Novel homeostatic functions of Galectin-3 in embryonic and adult neurogenesis
Dr. Francis Szele an associate professor of Developmental Biology from University of Oxford gave a talk at the Center for Developmental Neurobiology as part of the 2021-2022 “NEUReka!” seminar series.
Dr. Szele began the talk by giving a brief introduction about the structure of SVZ Subventricular zone, which contains semi-activated inflammatory cells that migrate toward injuries. Dr. Szele used two-photon microscopy to monitor the behaviour of neuroblasts over the course of 3 hours the cells kept migrating up to 18hours. This showed how dynamic the process of neurogenesis and migration of cells.
He then used electroporation to test the function of SVZ, which is a simple and easy technique that tests mechanisms in the tissue, to make transgenic mice by knockout or knockdown the gene of interest. The application of this technique is done by injecting electrical current into lateral ventricles that have been injected with knockdown plasmids. Szele’s research focuses on Galectin-3 a proinflammatory protein, which is important for apicobasal polarity, Alzheimer disease and neuroblast migration. Gal-3 is expressed highly in ependymal cells and SVZ cells. Cortical injury was used as a model to study the expression of immune cells, and by using CD45 marker, Szele found that 99% of CD45 cells are microglia and are highly expressed in the SVZ, but few days later there was no difference between injured and non-injured animals. This is likely because microglia activation is specifically regulated in SVZ. Interestingly, by using different disease models, Szele explored two main points about SVZ: the inflammatory response of SVZ is unpredictable and different in adjacent tissues. Szele’s group is now collaborating on artificial intelligence to study the different activation states of microglia cells.
Galectin, is a protein family that contains 15 members, and act as inflammation regulators in mammals. One member of the Galectin family, Gal-3, is unique because it has one carbohydrate recognizing domain. Moreover, Gal-3 has multiple mechanisms of action, but the most important mechanism is to act as toll-like receptor-4 to activate microglia. The speaker again confirmed that Gal-3 is expressed selectively in SVZ and ependymal cells in healthy animals. They also found ependymal cell ciliary loss in Gal-3 knockouts. The knockout of Gal-3 caused a significant reduction in the number of astrocytes and oligodendrocytes postnatally. Similarly, the overexpression of Gal-3, produce more astrocytes, which mean oligodendrocytes switch to astrocytes, so Gal-3 is also likely involved in fate choices.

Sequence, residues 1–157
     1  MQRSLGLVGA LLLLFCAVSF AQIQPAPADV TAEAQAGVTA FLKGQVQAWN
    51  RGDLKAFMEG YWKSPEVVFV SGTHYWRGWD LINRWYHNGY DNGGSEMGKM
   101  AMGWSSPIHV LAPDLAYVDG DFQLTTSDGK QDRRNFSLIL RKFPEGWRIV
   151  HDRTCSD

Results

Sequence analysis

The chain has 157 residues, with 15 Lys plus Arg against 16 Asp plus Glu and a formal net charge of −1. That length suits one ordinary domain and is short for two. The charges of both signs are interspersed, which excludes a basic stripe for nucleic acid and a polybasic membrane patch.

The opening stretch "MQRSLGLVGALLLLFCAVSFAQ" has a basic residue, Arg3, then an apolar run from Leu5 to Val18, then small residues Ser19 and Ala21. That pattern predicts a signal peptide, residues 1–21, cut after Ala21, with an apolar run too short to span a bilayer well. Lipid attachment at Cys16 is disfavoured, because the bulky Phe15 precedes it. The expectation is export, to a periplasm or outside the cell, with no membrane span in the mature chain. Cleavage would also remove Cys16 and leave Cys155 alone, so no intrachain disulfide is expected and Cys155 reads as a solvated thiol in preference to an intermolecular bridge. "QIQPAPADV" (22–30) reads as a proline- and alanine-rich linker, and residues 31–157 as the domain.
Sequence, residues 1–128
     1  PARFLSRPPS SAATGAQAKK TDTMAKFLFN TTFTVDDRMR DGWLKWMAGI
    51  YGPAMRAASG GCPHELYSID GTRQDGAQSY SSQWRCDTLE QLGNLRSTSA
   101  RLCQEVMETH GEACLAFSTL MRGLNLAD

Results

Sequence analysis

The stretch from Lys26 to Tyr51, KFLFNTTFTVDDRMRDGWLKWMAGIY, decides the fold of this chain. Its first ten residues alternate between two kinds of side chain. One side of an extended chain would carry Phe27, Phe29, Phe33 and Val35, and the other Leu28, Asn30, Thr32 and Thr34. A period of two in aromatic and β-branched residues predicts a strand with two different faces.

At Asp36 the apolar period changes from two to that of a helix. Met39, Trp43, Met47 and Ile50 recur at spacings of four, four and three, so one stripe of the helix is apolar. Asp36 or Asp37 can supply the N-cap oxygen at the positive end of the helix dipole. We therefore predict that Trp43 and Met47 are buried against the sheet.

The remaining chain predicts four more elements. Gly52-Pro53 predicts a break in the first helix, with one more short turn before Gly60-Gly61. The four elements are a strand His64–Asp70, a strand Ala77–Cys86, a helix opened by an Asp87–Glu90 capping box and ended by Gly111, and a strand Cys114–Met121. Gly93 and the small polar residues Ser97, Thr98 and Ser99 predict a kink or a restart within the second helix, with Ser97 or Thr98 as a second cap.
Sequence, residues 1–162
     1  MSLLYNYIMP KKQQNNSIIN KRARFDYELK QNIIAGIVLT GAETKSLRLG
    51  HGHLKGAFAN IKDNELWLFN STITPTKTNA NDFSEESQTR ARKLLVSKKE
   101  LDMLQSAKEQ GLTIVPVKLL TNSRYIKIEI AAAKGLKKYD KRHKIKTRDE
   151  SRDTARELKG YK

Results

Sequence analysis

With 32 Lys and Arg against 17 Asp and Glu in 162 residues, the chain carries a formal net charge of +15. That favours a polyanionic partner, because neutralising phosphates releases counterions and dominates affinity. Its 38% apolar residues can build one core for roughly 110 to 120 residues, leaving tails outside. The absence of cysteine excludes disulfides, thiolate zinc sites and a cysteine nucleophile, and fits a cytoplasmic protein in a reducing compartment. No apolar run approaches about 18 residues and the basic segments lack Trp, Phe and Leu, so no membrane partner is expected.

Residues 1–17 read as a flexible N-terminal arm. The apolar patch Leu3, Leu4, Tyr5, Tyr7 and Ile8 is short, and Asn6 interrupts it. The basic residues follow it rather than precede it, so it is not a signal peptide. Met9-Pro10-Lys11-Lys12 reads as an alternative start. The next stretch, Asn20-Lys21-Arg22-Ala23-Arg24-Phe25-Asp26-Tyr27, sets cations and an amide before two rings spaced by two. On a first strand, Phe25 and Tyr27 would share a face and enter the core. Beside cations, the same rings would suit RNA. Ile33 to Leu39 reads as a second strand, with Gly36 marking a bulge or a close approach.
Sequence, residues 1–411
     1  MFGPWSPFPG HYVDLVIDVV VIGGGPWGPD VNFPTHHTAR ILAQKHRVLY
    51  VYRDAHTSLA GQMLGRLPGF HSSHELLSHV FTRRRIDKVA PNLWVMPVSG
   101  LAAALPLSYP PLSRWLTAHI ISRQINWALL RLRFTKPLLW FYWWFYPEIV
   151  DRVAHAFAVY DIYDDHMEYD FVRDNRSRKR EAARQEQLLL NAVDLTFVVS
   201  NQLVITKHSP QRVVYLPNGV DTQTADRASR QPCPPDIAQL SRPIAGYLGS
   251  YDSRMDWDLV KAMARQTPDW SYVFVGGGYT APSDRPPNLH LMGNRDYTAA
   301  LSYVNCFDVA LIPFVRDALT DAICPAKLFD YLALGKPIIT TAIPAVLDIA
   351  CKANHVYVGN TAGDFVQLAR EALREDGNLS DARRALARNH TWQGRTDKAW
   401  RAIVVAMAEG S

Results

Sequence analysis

In addition, Szele’s group studied the effect of Gal-3 on BMP signaling, where they found the knockout of Gal-3 reduced BMP signaling and vice versa. Particularly, knocking out the BMP receptor (BMPR1), indicated that the Gal-3 is necessary for glial genesis. Intriguingly, Gal-3 also act as a negative regulator of Wnt signaling and has a role in apicobasal polarity. Gal-3 is expressed embryonically in mouse brain, and in the human pallium at 17 PCW. It is also expressed in neural rosettes in ESC. For general knowledge, neural rosette is not equal to apicobasal polarity, but it is used as proxy.
The speaker then moved to the subject of inhibition Gal-3 pharmacologically using MCP, where they noticed the rosette come back after certain time due to the genetic plasticity. Last but not least, Szele’s group tried to find which is the molecule of rosette, interacting with Gal-3, and they found YAP signaling. Szele’s talk briefly covered the function of Gal-3 in treating Alzheimer disease, by inhibition of Gal-3, which could reduce the amyloid beta aggregates and the knockout of Gal-3 could improve memory.
In summary, he confirmed that SVZ contains semi-activated microglia and Gal-3 has a function on neuroblast migration and postnatal glio-genesis in different ways. Gal-3 has also an effect on neural apicobasal polarity and Alzheimer’s aggravated by Gal-3.